Situational disorganization, chronic disorganization, and hoarding

There are many forms of disorganization that span from a few things out of place to hoarding disorders. It’s important to understand the complexities of the range so you can identify if you or others may need/want outside assistance. Below, I’ve identified the three types of disorganization that may want or need to seek out assistance from professionals.

Situational disorganization is due to unforeseen events that temporarily change living or working arrangements. Events that may cause one’s life to be situationally disorganized include:

  • Death or severe illness of a family member, friend or co-worker;
  • Marriage, divorce or re-marriage, especially blending families;
  • Birth or adoption of a child;
  • Parent or adult children moving into the home;
  • Change in employment or partner’s employment, either forced or voluntary;
  • A family member or friend is using the home as a storage facility until he/she stabilizes his/her own situation; and
  • Moving into or out of the home or office.

Even though one’s life may never be quite the same afterwards, organization may be restored relatively easily after the event. Based on the situation, an individual may seek the help of a professional organizer to aid in motivation and strategizing, but may be able to handle the situation on one’s own.

Chronic disorganization is disorganization that has had a long history, undermines one’s quality of life on a daily basis, and is constantly present.

According to the Institute for Challenging Disorganization, someone may be suffering from chronic disorganization if he/she:

  • Accumulates large quantities of objects, documents, papers or possessions beyond apparent necessity or pleasure
  • Has difficulty parting with things and letting go
  • Has a wide range of interests and many uncompleted projects
  • Needs visual “clues” as reminders to take action
  • Tends to be easily distracted or lose concentration
  • Often has weak time management skills

Chronic disorganization can also be created when people who think or work in an unconventional manner try to use conventional methods of organizing. Although being situationally or chronically disorganized can often result in someone having a hoard of things, it does not classify him/her as a “hoarder”. Similar to situational disorganization, an individual may benefit from working with a professional organizer or may be able to go it alone.

The book Buried in Treasures, indicates compulsive hoarding is thought to be present when all three of the following criteria are met:

  • The person accumulates objects that most people would consider of limited value and the person has a great deal of difficulty parting with those objects;
  • The amount of clutter acquired limits the use of living spaces;
  • The acquiring, owning and discarding of the objects causes considerable stress in the person’s life.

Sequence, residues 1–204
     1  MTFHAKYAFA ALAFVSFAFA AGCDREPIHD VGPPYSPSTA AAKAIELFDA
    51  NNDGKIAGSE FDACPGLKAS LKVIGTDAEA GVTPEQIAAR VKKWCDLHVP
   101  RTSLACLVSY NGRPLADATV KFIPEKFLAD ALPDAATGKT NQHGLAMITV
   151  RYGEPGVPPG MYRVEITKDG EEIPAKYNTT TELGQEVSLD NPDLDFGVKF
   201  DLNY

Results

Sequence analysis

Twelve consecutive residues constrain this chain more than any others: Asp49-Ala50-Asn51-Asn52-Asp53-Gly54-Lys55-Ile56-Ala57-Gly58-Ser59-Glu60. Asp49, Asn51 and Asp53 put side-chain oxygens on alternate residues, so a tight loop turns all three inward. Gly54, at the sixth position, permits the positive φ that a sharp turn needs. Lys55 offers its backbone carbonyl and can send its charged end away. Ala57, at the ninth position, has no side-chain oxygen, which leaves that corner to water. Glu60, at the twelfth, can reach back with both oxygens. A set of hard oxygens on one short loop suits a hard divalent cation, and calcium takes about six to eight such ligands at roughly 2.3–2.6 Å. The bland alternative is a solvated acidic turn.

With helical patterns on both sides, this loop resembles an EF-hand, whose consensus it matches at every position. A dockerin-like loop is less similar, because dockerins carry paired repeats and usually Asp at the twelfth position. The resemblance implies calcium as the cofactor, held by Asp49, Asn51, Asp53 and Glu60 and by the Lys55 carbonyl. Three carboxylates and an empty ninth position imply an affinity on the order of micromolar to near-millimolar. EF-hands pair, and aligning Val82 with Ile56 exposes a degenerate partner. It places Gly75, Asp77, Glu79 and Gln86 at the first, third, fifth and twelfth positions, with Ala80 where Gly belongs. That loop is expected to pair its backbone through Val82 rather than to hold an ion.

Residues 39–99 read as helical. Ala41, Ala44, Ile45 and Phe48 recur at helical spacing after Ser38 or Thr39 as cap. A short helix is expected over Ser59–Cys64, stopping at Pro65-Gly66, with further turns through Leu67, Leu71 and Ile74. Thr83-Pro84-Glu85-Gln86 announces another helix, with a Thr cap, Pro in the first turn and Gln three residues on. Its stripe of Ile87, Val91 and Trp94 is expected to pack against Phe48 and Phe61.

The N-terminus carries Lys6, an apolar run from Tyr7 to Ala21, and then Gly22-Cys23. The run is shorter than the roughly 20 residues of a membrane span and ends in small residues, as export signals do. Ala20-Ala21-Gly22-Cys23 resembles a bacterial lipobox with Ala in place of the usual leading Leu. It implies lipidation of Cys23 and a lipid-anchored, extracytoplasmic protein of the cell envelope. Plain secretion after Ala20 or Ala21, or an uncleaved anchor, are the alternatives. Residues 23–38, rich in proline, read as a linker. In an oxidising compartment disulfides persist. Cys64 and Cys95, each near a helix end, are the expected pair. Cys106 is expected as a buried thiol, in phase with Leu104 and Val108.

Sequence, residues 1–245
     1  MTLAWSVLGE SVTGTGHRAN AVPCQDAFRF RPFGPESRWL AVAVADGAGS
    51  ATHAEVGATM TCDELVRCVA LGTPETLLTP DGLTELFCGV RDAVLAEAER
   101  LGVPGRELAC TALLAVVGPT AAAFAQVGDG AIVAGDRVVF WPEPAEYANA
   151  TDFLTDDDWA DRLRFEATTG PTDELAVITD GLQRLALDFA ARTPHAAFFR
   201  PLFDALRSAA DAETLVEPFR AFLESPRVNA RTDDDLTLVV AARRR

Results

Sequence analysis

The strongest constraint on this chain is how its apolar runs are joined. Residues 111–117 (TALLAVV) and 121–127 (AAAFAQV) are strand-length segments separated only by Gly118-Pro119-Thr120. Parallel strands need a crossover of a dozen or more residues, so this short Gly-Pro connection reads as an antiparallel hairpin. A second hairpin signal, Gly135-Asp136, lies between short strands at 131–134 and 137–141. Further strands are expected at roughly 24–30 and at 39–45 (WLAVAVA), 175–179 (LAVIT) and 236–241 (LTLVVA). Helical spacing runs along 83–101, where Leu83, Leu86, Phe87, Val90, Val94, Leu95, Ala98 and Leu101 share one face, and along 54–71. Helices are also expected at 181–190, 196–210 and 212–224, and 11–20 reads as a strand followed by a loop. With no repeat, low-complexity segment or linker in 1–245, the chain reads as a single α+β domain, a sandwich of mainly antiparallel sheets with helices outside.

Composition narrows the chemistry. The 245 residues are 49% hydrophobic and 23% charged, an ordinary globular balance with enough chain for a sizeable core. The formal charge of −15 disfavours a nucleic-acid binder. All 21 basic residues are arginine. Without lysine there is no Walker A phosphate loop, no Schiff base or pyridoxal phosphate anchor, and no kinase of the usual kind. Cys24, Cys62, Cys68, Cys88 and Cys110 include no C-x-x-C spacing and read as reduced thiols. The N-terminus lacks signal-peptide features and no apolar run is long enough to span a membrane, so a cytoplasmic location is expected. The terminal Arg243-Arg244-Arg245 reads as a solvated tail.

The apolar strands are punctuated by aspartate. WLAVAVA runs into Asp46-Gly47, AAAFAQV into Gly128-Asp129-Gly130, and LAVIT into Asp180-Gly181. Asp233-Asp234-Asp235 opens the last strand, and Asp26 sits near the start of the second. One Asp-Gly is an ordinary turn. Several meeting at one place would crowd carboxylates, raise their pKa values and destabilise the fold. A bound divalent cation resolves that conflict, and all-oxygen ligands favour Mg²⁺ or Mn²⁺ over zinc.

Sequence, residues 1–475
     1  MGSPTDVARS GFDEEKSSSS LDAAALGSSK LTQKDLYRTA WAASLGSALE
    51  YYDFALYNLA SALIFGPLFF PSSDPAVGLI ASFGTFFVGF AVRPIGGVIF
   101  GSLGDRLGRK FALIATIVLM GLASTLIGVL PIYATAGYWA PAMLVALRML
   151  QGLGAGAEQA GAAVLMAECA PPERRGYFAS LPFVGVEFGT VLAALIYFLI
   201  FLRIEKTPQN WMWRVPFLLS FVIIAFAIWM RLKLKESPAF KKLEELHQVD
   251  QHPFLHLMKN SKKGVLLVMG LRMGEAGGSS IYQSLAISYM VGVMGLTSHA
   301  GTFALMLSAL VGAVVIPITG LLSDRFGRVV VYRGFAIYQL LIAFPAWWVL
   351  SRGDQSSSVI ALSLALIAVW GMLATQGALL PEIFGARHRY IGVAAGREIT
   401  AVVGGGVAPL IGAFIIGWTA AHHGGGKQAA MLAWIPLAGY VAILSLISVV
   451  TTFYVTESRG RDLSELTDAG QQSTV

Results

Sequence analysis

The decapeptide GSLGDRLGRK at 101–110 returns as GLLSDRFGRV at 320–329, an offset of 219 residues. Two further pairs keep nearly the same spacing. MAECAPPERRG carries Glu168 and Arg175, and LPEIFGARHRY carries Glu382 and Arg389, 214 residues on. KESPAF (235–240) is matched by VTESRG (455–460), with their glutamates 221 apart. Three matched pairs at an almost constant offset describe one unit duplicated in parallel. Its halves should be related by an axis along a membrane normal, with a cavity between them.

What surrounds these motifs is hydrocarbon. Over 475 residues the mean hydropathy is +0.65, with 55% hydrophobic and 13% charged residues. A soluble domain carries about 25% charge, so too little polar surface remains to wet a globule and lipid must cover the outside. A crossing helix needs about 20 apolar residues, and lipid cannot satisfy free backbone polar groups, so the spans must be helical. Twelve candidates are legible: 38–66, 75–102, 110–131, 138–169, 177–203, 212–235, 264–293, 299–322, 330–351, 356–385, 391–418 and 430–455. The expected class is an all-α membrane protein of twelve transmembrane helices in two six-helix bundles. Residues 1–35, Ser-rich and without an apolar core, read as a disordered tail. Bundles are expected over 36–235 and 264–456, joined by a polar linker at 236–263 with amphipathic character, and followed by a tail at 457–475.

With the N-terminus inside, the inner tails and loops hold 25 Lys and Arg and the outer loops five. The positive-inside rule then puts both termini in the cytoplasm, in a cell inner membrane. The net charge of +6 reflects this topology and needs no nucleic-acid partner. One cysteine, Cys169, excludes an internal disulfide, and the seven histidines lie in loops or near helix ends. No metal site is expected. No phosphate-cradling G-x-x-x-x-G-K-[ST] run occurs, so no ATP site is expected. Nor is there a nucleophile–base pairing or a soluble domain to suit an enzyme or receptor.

A licensed medical professional usually makes the diagnosis of a hoarding disorder and then prescribes a level of care that can (and almost always) includes working with a professional organizer and an on-going relationship with a licensed medical professional (such as a psychiatrist). Note: As hoarding is a medical disorder requiring on-going care, our website does not provide adequate resources to people with these conditions. Please see the resource section below for sites that can be more helpful.

How can you help someone who is disorganized?

If someone’s chronic disorganization or hoarding issues are affecting your life, it is important to explain how the disorganization affects your relationship with him/her without blaming. Indicate that you are concerned about your relationship with him/her and concerned for his/her well-being. Ask what would be the most effective way you can help in the situation, and please abide by the request.

If you are the person in the situation and you wish to seek outside assistance, you can find professional organizers in your area through the National Association of Professional Organizers and the Institute for Challenging Disorganization‘s directories. If you think you might be a hoarder, begin by talking with your physician. You also can find hoarding resources through the International OCD Foundation.

Regardless of which type of disorganization a person is dealing with, offer encouragement and support. Be compassionate if things don’t go as well as expected and help them celebrate their successes.

A different kind of uncluttering

As we approach the end of the year, I know many people who are uncluttering their homes and offices to start the new year fresh. But there’s another kind of uncluttering you may want to consider: old relationships.

Friendships

There’s someone I knew 30 years ago who I used to keep in touch with through periodic phone calls, at least on her birthday. A few years ago I stopped making the calls, because I realized this was mostly just a habit, and maintaining the relationship (even in this minor way) simply wasn’t important to me any more.